On National Sachertorte Day, we look at Vienna’s Sacher Torte, nicknamed the world’s most famous cake, that comes with a long history and still remains a popular must-do for visitors to the Austrian capital.
Cities are often known for buildings, art, symbols that stay through time. For those seeking a local experience, food is also an aspect to be explored, with each city having its own signature delicacy or a version of a dish, to speak of. Vienna is home to several dishes but its Sacher Torte, the chocolate cake, has been nicknamed the world’s most famous cake. Originating in 1832, this legendary cake can still be found in Vienna, in its original recipe at the Hotel Sacher, as well as almost every other bakery in the city.
“Sacher Torte is a historic cake that is always on the list of a tourist when they come to Vienna. The cake, whose ‘original’ recipe remains disputed, and has a history of legal battles, can be tried at two places for those who want to get closest to its original form. There is the Eduard Sacher recipe at Hotel Sacher, which was founded by Sacher’s eldest son, but there is also The Demel Café which some people consider; offers the most authentic recipe for the cake. I do recommend the cake, but, it is important to remember that the cake itself can be a little dry and it is a good idea to have it with whipped cream,” says a tour guide, leading a walking tour through the city.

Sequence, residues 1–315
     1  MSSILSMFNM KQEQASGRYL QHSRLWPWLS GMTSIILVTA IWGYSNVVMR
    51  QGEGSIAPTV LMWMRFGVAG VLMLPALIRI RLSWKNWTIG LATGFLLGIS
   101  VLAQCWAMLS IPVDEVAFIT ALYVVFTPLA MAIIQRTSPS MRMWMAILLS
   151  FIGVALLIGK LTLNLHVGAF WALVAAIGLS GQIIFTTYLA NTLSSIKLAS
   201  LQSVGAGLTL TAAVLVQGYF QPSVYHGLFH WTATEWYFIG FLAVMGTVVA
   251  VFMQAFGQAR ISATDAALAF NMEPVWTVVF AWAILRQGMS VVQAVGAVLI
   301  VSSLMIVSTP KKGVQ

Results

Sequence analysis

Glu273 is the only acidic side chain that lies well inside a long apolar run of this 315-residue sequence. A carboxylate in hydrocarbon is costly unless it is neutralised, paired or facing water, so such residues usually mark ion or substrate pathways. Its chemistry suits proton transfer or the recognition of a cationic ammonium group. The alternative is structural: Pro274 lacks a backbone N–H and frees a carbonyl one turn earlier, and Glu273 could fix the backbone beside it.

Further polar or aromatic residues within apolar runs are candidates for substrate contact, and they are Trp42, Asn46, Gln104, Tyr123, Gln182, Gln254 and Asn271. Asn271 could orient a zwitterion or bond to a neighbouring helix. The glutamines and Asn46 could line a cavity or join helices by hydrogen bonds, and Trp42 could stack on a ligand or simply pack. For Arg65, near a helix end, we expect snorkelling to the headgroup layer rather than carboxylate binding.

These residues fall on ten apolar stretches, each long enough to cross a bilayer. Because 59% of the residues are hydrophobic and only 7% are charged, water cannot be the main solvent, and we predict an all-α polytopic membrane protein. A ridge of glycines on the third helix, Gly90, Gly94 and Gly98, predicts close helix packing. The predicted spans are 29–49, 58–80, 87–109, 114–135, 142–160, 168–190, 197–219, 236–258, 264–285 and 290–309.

The cake, which is chocolate in itself with an apricot jam between layers and a chocolate icing on the top is quite appreciated as a speciality in Vienna. Austria also honours this cake with a national Sachertorte Day on December 5 each year. The Hotel Sacher is a luxurious an opulent place to try this cake out where the feel of the imperial and royal Vienna comes alive. At the Demel Café, the old school style of Vienna’s coffeehouses can be experienced, with the bakers in view carrying out their magic.
Sachertorte is a specific type of chocolate cake, or torte, invented by Austrian Franz Sacher in 1832 for Prince Wenzel von Metternich in Vienna, Austria. 5th Dec pic.twitter.com/r3vHK8Q63O
— L S 🎄 ❄️⛄️🇲🇾 (@jabwemeet) December 4, 2017
Beyond the big names
Though there are Hotel Sacher and The Demel Café offering what are considered to be historical recipes of the dessert, there are also several coffeehouses and bakeries where one can try the Sacher Torte in Vienna. Vienna has been known for its coffeehouse culture, with hundreds of such establishments around the city still buzzing with visitors. One can take some time in hand and explore cafes and their Sacher tortes.
Café Central, with a higher amount of the apricot jam in the cake, makes for a delicious version of the iconic cake. The café itself is worth a visit as it once hosted names such as Sigmund Freud and Leon Trotsky in its premises. Dommayer, located close to the Schonbrunn Palace is another nice place to try out a simple version of the Sacher torte. For those looking for an elegant setting, the Hofburg café with the occasional piano filling the air is a different option.